When we were first married, every end of December my hubby would ask me to write a list of short and long term goals.

Short term was for the next year, long term was for the next five years.

I never did get good at writing them down but that doesn’t mean I didn’t set them.

Tonight I’m having a big shindig in our house. With one of my daughters out of commission (she gave birth to my sixth grandchild less than two weeks ago) and another daughter with a three month old, I’m doing most of the cooking myself.

It’s really just family. Mine, my daughters and their families and one of my daughter’s in-law’s family, a total of about 18 people.

Except for some cupcakes and meat-filled buns, I’m doing most of the cooking.

And considering there are a lot of men coming, and these men like MEAT, I’m cooking a LOT of food.

Oh when I was younger, this kind of event would freak me out.

I’d end up cooking everything the same day, plus wanting the place to look fresh, I’d clean everything the same day too, and basically wipe myself out.

Now I plan.

I had my parents over on Tuesday, only three days before this party, so what did I do? I cooked extra chicken curry and froze it in a serving dish so all I’ll have to do is thaw it and heat it.

Yesterday I cleaned up the upstairs.

Today I bought the meat and the remaining groceries I’d need.

Today I made the beef curry and the broth for the pilau plus the baked chicken and the sauce for the lasagne.

As I cooked, I cleaned, so my kitchen was not a disaster zone by the end of the evening, and while the curry simmered, I watched Fargo,  a good movie that I’d been wanting to see ever since I got turned onto the Cohen brothers’ work. (Highly recommend it. It is bloody, but it’s also kind of funny and quirky.)

Tomorrow I’ll make the strawberry shortcake, put the lasagne together and cook the rice.

I’ll just have to reheat the curries and voila. Dinner for 18.

Writing is like that too.

It takes planning.

I’ve gotten to the point now, that when I’ve got a big event coming up I can automatically plan things without even really thinking about it. I doggedly keep going till everything is done.

Writing is the same.

Right now I have about five different projects on the go. I haven’t listed any steps in terms of how to finish them.

I just tackle them one at a time, give the ones that need feedback to other people to read, while I work on things that have deadlines and insha Allah, I get it all done.

Cooking a big dinner like this is actually a good metaphor for the process.

I find the best thing to do to maximize your time is start things, and get them to the simmer point, and then as they’re simmering on the back burner, get to the other stuff you need to get done.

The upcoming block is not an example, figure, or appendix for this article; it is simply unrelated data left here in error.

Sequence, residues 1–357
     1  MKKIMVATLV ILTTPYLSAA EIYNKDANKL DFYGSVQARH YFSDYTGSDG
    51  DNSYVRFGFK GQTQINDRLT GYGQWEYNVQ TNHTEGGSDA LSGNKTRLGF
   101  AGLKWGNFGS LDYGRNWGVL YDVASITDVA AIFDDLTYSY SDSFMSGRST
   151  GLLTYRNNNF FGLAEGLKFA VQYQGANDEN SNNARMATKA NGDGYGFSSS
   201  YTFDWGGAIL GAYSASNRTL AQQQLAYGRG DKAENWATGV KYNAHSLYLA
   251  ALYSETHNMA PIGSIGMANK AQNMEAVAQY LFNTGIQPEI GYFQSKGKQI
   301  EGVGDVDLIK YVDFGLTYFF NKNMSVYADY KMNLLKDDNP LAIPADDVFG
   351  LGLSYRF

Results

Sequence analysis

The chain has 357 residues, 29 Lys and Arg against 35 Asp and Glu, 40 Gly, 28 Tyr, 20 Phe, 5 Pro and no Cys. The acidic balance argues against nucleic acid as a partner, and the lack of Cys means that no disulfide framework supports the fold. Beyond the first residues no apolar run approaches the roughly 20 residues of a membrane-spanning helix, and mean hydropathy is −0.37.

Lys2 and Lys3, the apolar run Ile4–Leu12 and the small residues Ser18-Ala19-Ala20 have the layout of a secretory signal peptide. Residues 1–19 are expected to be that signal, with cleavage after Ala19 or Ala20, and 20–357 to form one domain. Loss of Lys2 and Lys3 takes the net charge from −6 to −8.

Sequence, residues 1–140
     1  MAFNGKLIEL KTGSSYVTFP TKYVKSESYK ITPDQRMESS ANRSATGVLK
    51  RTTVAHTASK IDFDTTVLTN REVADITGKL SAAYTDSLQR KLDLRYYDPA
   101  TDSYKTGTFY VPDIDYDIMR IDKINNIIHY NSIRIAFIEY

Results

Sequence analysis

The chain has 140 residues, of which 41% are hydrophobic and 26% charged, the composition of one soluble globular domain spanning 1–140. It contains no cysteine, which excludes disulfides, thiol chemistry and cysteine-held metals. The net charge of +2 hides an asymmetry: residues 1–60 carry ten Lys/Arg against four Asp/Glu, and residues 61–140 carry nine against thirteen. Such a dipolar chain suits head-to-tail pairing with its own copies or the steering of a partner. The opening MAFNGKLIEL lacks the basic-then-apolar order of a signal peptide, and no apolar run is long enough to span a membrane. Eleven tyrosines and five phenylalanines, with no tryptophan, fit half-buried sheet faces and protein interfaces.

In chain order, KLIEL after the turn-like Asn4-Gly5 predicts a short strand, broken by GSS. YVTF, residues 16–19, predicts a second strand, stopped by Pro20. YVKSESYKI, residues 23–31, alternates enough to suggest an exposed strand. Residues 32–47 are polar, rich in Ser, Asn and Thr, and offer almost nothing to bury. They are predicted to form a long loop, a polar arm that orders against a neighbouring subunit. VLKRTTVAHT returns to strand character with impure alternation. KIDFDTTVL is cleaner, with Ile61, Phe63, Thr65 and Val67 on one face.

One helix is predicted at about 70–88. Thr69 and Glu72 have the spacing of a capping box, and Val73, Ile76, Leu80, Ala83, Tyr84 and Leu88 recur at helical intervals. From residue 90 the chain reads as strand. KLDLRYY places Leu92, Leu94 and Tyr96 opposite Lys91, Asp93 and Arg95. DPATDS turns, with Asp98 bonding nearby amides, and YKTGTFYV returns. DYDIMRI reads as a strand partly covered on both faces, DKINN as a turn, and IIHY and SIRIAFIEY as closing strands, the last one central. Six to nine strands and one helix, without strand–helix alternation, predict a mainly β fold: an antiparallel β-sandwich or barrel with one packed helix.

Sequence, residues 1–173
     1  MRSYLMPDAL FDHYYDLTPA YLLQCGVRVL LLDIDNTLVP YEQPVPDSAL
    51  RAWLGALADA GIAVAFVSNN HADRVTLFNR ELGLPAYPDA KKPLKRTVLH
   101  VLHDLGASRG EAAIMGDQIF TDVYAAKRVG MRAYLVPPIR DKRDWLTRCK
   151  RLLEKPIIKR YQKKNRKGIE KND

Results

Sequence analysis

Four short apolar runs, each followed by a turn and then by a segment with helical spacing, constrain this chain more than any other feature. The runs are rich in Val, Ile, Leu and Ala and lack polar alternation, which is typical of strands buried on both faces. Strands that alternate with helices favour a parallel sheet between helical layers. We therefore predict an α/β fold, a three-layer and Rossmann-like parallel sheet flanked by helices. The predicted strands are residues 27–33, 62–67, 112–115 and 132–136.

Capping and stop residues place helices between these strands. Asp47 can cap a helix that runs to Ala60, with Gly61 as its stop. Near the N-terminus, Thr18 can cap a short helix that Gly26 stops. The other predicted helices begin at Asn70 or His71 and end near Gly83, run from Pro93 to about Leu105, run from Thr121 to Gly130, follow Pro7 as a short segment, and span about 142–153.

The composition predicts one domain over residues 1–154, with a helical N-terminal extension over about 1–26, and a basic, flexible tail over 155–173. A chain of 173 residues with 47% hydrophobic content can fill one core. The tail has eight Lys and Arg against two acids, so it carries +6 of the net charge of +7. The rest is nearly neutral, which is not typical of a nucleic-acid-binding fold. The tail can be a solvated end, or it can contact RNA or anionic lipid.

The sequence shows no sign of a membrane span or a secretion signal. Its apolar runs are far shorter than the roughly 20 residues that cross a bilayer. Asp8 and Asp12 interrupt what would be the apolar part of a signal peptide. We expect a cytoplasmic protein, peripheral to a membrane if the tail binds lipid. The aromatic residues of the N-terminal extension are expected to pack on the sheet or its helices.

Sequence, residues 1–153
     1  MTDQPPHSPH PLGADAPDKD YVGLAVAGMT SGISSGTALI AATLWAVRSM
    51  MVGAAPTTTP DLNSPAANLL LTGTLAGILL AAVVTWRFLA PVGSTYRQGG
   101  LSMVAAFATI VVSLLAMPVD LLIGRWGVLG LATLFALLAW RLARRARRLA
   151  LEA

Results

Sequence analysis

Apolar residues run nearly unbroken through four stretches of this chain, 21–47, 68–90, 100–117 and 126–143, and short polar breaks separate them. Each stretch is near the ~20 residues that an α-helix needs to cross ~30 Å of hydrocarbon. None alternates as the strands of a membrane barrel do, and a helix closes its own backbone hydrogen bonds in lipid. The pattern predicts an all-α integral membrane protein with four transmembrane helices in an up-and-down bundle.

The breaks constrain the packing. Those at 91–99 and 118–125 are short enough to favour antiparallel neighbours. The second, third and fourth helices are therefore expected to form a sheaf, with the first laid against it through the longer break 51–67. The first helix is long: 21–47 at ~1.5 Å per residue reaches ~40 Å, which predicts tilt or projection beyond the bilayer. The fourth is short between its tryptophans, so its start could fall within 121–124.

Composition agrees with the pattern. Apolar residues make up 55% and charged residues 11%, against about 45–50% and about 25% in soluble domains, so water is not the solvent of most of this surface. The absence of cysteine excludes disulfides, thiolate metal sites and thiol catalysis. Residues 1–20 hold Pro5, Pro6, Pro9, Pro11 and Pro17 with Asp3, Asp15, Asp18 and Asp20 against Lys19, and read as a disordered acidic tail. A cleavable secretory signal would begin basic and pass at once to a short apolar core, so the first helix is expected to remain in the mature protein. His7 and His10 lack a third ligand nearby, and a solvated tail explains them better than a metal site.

Back when I used to be a lab technician, it was actually a remarkably similar process, only my ‘recipes’ were the lab procedures, the qualitative analyses and quantitative analyses which would determine if the right drug were in the samples and if it was in the right amounts. Being a quality control technician in a pharmaceutical manufacturing company really wasn’t so different from being a cook. And I’d often apply the same principles.

I’d start something to burn down in the crucible in the fume hood while I’d begin quantitatively titrating a solution to determine the concentration and stuff.

That way I’d get two procedures done at the same time.

I am ALWAYS working on more than one story at a time.

When I tell kids it took me five years to write Ruler of the Courtyard what I don’t tell them is that I was also working on umpteen other books at the same time.

Get stuck on one, push it to the back burner, and work on another.

And yes, carrying this metaphor to the extreme, some stories do get overdone. They get burnt and there’s nothing you can do with them.

That happened with a story idea I had set in Custer, South Dakota.

I even went so far as traveling there and researching all the places that Crazyhorse fought against American forces. All for a novel that never did get published.

But…hey, it’s not done yet. You never know. Maybe one day those figments of story will work their way into a viable form. I actually do have a vague idea for one, but no way can I write it right now.

I like to say that Wanting Mor only took me five months to write. And consciously that’s true, but in reality it probably began when my sister died eight years ago. Reading that paragraph about a girl named Sameela in the orphanage I sponsored the library in, jogged something, but it was still a few years later before I heard Jameela, the main character say the first sentence, “I thought she was sleeping”.

For me, hearing the first sentence is like the smoke alarm going off.

It means something is past done and ready to come off the back burner.

By the time I *hear* the first sentence, the story has basically formulated itself. All I have to do now is hold on for the ride and write as fast as I can.

I did that, and in five months, I came up with Wanting Mor.

Ever since last year, when I went for Hajj and my agent said I should write a book about a kid who goes for Hajj, I stirred up the contents of this story and put them on the back burner of my mind.

Only a few months ago, I started writing it and now I’m almost done.

I had wondered if I’d get done before the end of the year. It doesn’t look like it. But that’s okay. I’d rather do it right than do it rushed.

I do like what’s come out of it.

It’ll need some work, some mixing and stirring to see if the spices are right, but that’s okay. I’m ready for it.

I’m hoping this year is quite prolific.

Got SO many ideas that are bubbling away.

I just hope none of them burn.

Good luck to all of you with your projects and hope this next year is a good one.

2011 was a fantastic year for me!